When you think of going on your first solo trip, you probably think of South East Asia because that’s where like, everyone goes. I think I briefly thought of going there but decided against it for that reason. Then I found Central America. I’m not saying it’s off the beaten path or anything, there were tons of backpackers everywhere, I just think it’s less common for first solo trips. I think.
If you’ve been here for a while, you probably have figured out Central America was my first solo trip. Or if you read that first paragraph. I didn’t take anything below into consideration when I was deciding where to go, I just read a book about it and that made me want to see it for myself. But after going, here’s why I think it should be your first solo trip, too.
Spanish is easy to learn
Mi perro necesita pantalones ahora! That’s what I say when people ask if I know Spanish. In case you don’t know, it means my dog needs pants now! Yes, I learned more than that, but I just like saying it. I only knew the most basic of basic Spanish before I left and picked up the rest along the way, mostly in Guatemala. AND you can take super cheap Spanish lessons all over Central America if that’s your thing.
Some basic words and phrases to know:
- Cama – bed
- Tienes una cama? – Do you have one bed?
- Cerveza – beer
- Baño – bathroom
- Aeropuerto – airport
- Boleto – ticket
- Yo necesita un boleto – I need a ticket
- Gracias – thank you
- Pro favor – please
- Donde esta … – Where is …
- Cuanto cuesta? – How much? (if you’re buying something)
- Bolsa – bag
- Basura – garbage (I got this and bolsa confused a lot)
It’s super affordable
Of course, some countries are cheaper than others, like Guatemala, parts of Mexico, and Nicaragua. Costa Rica and Belize are on the pricier side, especially when it comes to activities and excursions, so choose wisely. But, like everywhere, it can be done a budget, you might just need to plan ahead a little. Guatemala was definitely the cheapest overall and part of why I loved it so much. The cheapest dorm I found there was about $4.50 US. It wasn’t fantastic, but it was still not bad. This is also the best place to buy souvenirs in the markets around the country.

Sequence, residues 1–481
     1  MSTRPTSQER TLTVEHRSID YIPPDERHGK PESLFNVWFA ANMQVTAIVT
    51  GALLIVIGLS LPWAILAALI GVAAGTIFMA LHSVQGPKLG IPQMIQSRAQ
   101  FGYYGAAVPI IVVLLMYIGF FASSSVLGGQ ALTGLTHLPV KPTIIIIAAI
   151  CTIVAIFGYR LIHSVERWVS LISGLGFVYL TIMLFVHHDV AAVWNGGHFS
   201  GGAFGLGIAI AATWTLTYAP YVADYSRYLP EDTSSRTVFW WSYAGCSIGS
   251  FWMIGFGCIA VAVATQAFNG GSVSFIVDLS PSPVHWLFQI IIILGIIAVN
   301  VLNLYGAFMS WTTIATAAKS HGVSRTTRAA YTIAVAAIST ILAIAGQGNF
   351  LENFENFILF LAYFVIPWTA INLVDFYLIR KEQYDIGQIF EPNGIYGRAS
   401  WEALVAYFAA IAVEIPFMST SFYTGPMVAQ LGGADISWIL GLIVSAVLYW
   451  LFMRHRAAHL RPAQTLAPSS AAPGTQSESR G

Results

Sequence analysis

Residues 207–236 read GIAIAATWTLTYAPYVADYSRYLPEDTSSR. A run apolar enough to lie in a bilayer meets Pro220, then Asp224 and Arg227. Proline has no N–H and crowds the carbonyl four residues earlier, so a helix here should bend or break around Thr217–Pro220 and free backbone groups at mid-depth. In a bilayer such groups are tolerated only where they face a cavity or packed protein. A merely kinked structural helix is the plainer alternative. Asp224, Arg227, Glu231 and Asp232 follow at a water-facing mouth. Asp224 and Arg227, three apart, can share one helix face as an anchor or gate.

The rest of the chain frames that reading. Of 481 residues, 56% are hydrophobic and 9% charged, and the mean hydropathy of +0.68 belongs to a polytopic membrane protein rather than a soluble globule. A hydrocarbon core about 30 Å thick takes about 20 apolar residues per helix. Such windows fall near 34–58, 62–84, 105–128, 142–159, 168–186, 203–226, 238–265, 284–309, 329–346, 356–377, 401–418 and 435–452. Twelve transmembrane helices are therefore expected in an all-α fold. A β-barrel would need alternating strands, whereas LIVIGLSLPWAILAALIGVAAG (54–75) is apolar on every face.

It’s easy to navigate
I’m not a good navigator, like, really bad, but I managed to make my way through six countries on my own. There are enough backpackers that shuttles between popular places are really common. There are also chicken buses that will take you around the countries, but I only used those a few times.
No matter which way you go, there will be quite a bit of information on how to do it and if you can’t find it online, ask at your hostel. The only time I ran into navigation issues was to the corn islands and that was mostly because we were going by land and sea instead of air. There was information out there on how to do it, but it was old and a little confusing. We listened to it anyways and ended up fine, but that was the only time it was sort of difficult to know where to go.
There’s a well-worn backpacker trail
Like I said, there’s a lot of backpackers there, so it’s pretty easy to be there on your own. A sample route from north to south would be Cancun area, Tulum (home of the famous ruins), Caye Caulker, San Ignacio, Flores, Semuc Champey, Antigua, Lake Atitlan, Utila, El Tunco, Leon, Granada, San Juan del Sur, San Jose, Monteverde, Puerto Viejo, Bocas del Toro, San Blas Islands, Boquete, Panama City.